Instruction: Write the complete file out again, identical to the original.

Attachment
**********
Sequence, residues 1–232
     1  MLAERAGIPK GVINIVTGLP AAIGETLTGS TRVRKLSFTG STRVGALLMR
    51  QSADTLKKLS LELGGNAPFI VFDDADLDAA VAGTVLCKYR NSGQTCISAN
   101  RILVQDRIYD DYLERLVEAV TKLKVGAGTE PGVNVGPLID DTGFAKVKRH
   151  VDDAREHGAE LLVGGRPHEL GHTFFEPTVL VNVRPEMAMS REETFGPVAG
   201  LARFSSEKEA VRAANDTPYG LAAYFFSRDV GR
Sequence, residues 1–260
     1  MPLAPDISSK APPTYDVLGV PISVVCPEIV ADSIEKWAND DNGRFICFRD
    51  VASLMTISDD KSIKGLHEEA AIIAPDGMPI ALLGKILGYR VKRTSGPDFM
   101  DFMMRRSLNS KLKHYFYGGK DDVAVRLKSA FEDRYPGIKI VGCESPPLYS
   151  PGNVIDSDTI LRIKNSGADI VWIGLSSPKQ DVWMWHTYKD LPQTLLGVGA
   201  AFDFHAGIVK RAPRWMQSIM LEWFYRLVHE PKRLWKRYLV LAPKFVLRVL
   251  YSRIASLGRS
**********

Sequence, residues 1–232
     1  MLAERAGIPK GVINIVTGLP AAIGETLTGS TRVRKLSFTG STRVGALLMR
    51  QSADTLKKLS LELGGNAPFI VFDDADLDAA VAGTVLCKYR NSGQTCISAN
   101  RILVQDRIYD DYLERLVEAV TKLKVGAGTE PGVNVGPLID DTGFAKVKRH
   151  VDDAREHGAE LLVGGRPHEL GHTFFEPTVL VNVRPEMAMS REETFGPVAG
   201  LARFSSEKEA VRAANDTPYG LAAYFFSRDV GR
Sequence, residues 1–260
     1  MPLAPDISSK APPTYDVLGV PISVVCPEIV ADSIEKWAND DNGRFICFRD
    51  VASLMTISDD KSIKGLHEEA AIIAPDGMPI ALLGKILGYR VKRTSGPDFM
   101  DFMMRRSLNS KLKHYFYGGK DDVAVRLKSA FEDRYPGIKI VGCESPPLYS
   151  PGNVIDSDTI LRIKNSGADI VWIGLSSPKQ DVWMWHTYKD LPQTLLGVGA
   201  AFDFHAGIVK RAPRWMQSIM LEWFYRLVHE PKRLWKRYLV LAPKFVLRVL
   251  YSRIASLGRS